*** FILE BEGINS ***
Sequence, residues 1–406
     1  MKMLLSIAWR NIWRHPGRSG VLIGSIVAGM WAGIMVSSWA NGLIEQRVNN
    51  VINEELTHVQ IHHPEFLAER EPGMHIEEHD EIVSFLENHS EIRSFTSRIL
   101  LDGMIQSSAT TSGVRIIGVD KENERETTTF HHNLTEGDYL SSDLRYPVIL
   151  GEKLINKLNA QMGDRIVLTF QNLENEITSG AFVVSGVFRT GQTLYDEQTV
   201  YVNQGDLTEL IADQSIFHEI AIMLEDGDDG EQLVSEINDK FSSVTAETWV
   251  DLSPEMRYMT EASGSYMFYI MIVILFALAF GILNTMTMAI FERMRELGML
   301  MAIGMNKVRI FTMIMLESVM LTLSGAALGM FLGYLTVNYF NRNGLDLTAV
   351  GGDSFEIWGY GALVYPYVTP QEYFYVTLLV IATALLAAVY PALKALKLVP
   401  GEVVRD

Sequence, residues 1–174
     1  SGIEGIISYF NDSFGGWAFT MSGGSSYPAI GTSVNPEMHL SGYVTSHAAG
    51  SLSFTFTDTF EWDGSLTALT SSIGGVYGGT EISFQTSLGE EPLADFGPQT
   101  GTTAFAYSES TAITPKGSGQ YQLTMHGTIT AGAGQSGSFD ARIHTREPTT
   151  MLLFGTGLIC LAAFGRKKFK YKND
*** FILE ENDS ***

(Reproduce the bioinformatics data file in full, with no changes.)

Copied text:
Sequence, residues 1–406
     1  MKMLLSIAWR NIWRHPGRSG VLIGSIVAGM WAGIMVSSWA NGLIEQRVNN
    51  VINEELTHVQ IHHPEFLAER EPGMHIEEHD EIVSFLENHS EIRSFTSRIL
   101  LDGMIQSSAT TSGVRIIGVD KENERETTTF HHNLTEGDYL SSDLRYPVIL
   151  GEKLINKLNA QMGDRIVLTF QNLENEITSG AFVVSGVFRT GQTLYDEQTV
   201  YVNQGDLTEL IADQSIFHEI AIMLEDGDDG EQLVSEINDK FSSVTAETWV
   251  DLSPEMRYMT EASGSYMFYI MIVILFALAF GILNTMTMAI FERMRELGML
   301  MAIGMNKVRI FTMIMLESVM LTLSGAALGM FLGYLTVNYF NRNGLDLTAV
   351  GGDSFEIWGY GALVYPYVTP QEYFYVTLLV IATALLAAVY PALKALKLVP
   401  GEVVRD

Sequence, residues 1–174
     1  SGIEGIISYF NDSFGGWAFT MSGGSSYPAI GTSVNPEMHL SGYVTSHAAG
    51  SLSFTFTDTF EWDGSLTALT SSIGGVYGGT EISFQTSLGE EPLADFGPQT
   101  GTTAFAYSES TAITPKGSGQ YQLTMHGTIT AGAGQSGSFD ARIHTREPTT
   151  MLLFGTGLIC LAAFGRKKFK YKND